In a statement Thursday, Twitter said that impressions, or views, of QAnon content had dropped by 50% since it had rolled out its restrictions.
About 100 QAnon groups on Facebook tracked by The Times in the month since the rules were instituted continued to grow at a combined pace of over 13,600 new followers a week, according to an analysis of data from CrowdTangle, a Facebook-owned analytics platform.
That was down from the period before the new restrictions, when the same groups added between 15,000 and 25,000 new members a week. Even so, it indicated that QAnon was still recruiting new followers.
Members of those groups were also more active than before. Comments, likes and posts within the QAnon groups grew to more than 600,000 a week after Facebook’s rules went into effect, according to CrowdTangle data. Previous weeks had seen an average of fewer than 530,000 interactions a week.
“The groups, including QAnon, feel incredibly passionate about their cause and will do whatever they can do attract new people to their conspiracy movement. Meanwhile, Facebook has nowhere near the same type of urgency or mandate to contain them,” View said. “Facebook is operating with constraints and these extremist movements are not.”
Researchers who study QAnon said the movement’s continued growth was partly related to Facebook’s recommendation engine, which pushes people to join groups and pages related to the conspiracy theory.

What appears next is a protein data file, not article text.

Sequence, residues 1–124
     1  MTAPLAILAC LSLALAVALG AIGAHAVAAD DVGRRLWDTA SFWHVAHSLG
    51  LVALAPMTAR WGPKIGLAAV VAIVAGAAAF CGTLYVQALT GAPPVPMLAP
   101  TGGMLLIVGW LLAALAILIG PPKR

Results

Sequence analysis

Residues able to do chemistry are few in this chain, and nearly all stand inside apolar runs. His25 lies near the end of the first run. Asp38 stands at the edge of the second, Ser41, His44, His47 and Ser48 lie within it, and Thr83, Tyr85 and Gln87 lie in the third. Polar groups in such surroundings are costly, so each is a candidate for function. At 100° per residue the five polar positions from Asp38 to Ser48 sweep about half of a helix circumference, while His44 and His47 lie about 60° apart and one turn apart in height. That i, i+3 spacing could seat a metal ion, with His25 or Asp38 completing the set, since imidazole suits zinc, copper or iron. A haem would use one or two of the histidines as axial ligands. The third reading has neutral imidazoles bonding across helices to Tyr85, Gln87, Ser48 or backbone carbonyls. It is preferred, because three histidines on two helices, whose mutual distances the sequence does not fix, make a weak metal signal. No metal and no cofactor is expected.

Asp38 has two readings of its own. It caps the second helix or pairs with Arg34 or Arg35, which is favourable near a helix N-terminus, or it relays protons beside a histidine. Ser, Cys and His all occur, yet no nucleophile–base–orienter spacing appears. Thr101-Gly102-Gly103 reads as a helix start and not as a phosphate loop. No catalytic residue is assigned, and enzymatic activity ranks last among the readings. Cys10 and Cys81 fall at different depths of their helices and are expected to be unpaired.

Marc-André Argentino, a doctoral candidate at Concordia University who is studying QAnon, said he had identified 51 Facebook groups that branded themselves as anti-child trafficking organizations, but which were actually predominantly sharing QAnon conspiracies. Many of the groups, which were formed at the start of 2020, spiked in growth in the weeks after Facebook and Twitter began enforcing new bans on QAnon.
The groups previously added dozens to hundreds of new members each week. Following the bans, they attracted tens of thousands of new members weekly, according to data published by Argentino.
Facebook said it was studying the groups, but has not taken action on them.The company is increasingly facing criticism, including from Hollywood celebrities and civic rights groups. On Wednesday, celebrities including Kim Kardashian West, Katy Perry and Mark Ruffalo said they were freezing their Instagram accounts for 24 hours to protest Facebook’s policies. (Instagram is owned by Facebook.)
The Anti-Defamation League also said it was pressing Facebook to take action on militia groups and other extremist organizations. “We have been warning Facebook safety teams literally for years about the problem of dangerous and potentially violent extremists using their products to organize and to recruit followers,” Jonathan Greenblatt, the chief executive of the ADL, said.
The ADL, which has been meeting with Facebook for months about its concerns, has publicly posted lists of hate groups and conspiracy organizations present on the social network. David L. Sifry, vice president of ADL’s Center for Technology and Society, said that the ADL has had similar conversations about extremist content with other platforms like Twitter, Reddit, TikTok and YouTube, which have been more receptive.
“The response we get back is markedly different with Facebook,” he said. “There are people of good conscience at every single one of these platforms. The core difference is leadership.”